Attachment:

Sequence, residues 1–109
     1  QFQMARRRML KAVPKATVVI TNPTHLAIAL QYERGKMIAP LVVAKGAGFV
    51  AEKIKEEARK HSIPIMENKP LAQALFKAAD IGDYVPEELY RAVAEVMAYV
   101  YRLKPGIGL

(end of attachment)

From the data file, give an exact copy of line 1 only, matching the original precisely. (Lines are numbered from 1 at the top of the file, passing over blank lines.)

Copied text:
Sequence, residues 1–109